Confirmed and denied

Sex rules

Forget freedom of speech. Tufts is banning sex! After about a dozen complaints from disgruntled roommates at Tufts University in Medford, Mass., the Residential Life and Learning Office revised its rules and regulations booklet. Not only must students restrain themselves while roomies are around, but they also cannot have a guest stay over more than three nights in a row in any given week, and no more than nine nights in any 30-day period. (All these rules are listed after the office director’s enthusiastic letter advocating “Putting the Unity in the CommUNITY!”) So, dreading that we might be nearing that dozen-complaint mark (really, that was all it took?), we asked Northwestern’s ResLife office and the Undergraduate Housing Office how many unhappy, sexiled roommates have called. Good news: Neither office has any idea, nor does anyone plan on starting a tally. Administrators, we think we speak for the entire student body when we say, thank you for ignoring us this time.

Party police

It’s not just in our heads. The Evanston residents – you know, the “real people” who live among us off campus – have taken to calling the cluster of student-leased houses near the intersection of Maple Avenue and Gaffield Place “Ground Zero.” Most of the student houses falling within the scorned area are male and fraternity-affiliated, and the college guys can’t seem to throw an uninterrupted party. But is it really bad enough to warrant a moniker reminiscent of a national tragedy? While neighbors only called in four noise complaints in 2008, already in 2009 the Evanston Police Department has counted seven within the 900 block of Gaffield and the 2000 and 2100 blocks of Maple. Looks like the theme for the rest of this year’s parties will have to be… silence.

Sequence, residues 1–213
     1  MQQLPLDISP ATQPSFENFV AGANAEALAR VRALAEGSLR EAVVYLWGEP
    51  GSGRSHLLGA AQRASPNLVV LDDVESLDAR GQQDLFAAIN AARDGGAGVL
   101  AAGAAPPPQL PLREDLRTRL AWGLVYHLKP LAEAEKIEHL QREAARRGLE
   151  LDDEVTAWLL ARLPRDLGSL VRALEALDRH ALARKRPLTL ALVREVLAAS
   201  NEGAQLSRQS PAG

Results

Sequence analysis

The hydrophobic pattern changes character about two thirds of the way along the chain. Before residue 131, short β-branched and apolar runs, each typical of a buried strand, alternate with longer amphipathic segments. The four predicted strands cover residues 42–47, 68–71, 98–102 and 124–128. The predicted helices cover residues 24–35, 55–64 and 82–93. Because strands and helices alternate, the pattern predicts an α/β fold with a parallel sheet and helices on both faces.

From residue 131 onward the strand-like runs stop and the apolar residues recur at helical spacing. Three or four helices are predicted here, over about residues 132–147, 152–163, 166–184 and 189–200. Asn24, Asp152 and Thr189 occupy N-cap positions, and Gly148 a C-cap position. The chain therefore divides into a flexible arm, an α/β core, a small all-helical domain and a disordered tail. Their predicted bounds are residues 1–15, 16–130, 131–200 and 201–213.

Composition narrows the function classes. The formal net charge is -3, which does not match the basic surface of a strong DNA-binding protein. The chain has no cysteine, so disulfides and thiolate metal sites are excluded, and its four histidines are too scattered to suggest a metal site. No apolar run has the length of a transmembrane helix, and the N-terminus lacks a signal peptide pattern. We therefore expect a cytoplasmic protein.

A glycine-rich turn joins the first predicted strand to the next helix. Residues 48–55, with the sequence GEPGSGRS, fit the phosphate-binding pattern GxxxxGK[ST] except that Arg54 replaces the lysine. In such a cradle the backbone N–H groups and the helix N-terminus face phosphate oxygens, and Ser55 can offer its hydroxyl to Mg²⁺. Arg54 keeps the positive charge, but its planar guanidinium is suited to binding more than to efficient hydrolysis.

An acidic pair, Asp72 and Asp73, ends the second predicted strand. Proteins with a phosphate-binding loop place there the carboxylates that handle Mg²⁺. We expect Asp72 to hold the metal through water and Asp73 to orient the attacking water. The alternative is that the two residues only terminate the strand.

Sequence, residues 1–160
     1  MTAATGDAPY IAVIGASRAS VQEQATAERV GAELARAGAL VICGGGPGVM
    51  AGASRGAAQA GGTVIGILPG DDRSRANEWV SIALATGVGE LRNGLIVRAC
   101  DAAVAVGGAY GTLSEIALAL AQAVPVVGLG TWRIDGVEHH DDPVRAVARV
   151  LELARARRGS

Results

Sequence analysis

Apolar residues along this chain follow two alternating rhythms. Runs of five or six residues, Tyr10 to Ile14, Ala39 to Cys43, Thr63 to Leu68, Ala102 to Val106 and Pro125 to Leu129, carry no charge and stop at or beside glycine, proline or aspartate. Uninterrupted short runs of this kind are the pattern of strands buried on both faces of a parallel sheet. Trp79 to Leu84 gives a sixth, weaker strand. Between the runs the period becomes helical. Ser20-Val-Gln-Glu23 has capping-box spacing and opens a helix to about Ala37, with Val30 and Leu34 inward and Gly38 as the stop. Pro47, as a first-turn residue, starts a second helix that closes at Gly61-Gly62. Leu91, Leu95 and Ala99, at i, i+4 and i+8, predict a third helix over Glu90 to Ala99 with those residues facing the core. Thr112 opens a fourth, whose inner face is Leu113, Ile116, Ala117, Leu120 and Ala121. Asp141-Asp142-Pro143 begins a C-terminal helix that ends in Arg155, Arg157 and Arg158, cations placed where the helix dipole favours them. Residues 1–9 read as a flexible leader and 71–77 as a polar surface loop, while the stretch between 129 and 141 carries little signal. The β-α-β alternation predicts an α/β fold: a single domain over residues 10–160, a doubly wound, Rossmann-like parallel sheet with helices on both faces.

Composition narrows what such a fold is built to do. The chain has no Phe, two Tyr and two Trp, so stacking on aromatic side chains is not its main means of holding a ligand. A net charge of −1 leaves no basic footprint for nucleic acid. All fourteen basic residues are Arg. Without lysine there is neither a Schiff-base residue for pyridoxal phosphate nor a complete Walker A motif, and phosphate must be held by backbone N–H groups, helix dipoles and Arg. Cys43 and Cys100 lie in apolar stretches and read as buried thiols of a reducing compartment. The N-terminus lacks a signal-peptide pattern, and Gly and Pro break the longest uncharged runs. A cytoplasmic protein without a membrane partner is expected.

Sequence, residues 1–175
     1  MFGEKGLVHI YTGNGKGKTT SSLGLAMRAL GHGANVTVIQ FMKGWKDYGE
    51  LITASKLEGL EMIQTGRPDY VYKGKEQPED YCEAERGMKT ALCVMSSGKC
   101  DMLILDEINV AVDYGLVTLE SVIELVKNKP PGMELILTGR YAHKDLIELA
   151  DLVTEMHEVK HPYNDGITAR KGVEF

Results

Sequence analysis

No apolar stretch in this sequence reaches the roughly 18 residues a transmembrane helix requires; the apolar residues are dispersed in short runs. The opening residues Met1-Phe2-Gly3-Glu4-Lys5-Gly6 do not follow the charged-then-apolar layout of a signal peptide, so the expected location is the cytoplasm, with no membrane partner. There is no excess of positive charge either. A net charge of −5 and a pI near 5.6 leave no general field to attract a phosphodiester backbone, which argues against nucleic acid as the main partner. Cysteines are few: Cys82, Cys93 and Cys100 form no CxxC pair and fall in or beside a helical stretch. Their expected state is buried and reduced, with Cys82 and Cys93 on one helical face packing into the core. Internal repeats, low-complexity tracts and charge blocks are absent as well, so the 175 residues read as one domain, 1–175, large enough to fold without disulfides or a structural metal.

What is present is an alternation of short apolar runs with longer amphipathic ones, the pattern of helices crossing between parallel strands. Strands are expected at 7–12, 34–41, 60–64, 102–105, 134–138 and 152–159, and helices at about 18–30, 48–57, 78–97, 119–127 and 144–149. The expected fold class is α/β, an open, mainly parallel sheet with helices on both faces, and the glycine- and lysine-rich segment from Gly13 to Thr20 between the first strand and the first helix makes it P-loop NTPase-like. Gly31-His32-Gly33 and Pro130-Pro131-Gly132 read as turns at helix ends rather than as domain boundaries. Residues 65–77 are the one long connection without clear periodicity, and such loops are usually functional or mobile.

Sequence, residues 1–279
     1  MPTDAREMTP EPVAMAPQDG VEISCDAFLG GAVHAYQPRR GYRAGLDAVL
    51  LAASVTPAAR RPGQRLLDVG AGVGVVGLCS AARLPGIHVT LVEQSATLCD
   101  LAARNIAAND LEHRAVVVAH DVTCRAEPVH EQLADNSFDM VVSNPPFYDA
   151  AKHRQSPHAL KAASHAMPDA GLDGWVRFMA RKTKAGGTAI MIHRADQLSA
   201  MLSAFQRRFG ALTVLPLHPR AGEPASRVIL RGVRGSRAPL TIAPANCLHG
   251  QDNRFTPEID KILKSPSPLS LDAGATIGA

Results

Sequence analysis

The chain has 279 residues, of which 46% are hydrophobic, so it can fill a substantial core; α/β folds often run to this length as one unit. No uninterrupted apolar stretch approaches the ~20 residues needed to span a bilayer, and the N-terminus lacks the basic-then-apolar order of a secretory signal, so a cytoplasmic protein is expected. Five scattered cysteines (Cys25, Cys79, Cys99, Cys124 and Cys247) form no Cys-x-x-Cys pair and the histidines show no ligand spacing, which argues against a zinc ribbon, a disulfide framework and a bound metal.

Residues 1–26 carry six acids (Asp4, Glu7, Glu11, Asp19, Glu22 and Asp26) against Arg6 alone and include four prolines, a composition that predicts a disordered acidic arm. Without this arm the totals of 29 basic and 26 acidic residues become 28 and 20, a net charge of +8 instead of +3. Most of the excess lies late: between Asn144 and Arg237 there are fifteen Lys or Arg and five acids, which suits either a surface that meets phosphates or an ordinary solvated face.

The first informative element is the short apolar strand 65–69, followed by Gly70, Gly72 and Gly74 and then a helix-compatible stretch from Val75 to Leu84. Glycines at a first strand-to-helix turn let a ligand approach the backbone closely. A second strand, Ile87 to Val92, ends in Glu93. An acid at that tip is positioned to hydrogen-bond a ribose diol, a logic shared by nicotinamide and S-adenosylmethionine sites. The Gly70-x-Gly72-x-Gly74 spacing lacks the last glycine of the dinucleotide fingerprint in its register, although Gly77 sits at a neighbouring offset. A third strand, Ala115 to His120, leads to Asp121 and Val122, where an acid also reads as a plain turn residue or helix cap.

Undergrads get the shaft

Girlfriend coming to visit this weekend? Don’t get your hopes up for post-Legend nookie. Rumors that A&O would open up ticket sales to non-Northwestern students are false – but that doesn’t mean you won’t see townies inside. While each undergraduate student can buy up to four tickets and give them to fellow students, each grad student and faculty member is permitted two tickets, one of which can go to anyone they’re willing to hand it to. Why the discrimination? A&O works closely with NU police to determine security ground rules for each show produced, so they ran the idea past them first. A&O was optimistic because of the greater-than-usual venue capacity (Welsh-Ryan Arena), but no cigar. “The NUPD wasn’t enthused about letting undergrads bring guests from outside Northwestern,” says Adam Pumm, the chairman of A&O Productions. “We reached a compromise on this.” Nearly 3,500 tickets have already been sold, and Pumm says tickets might be sold at the door to NU students. Long-distance significant others will have to sit this one out.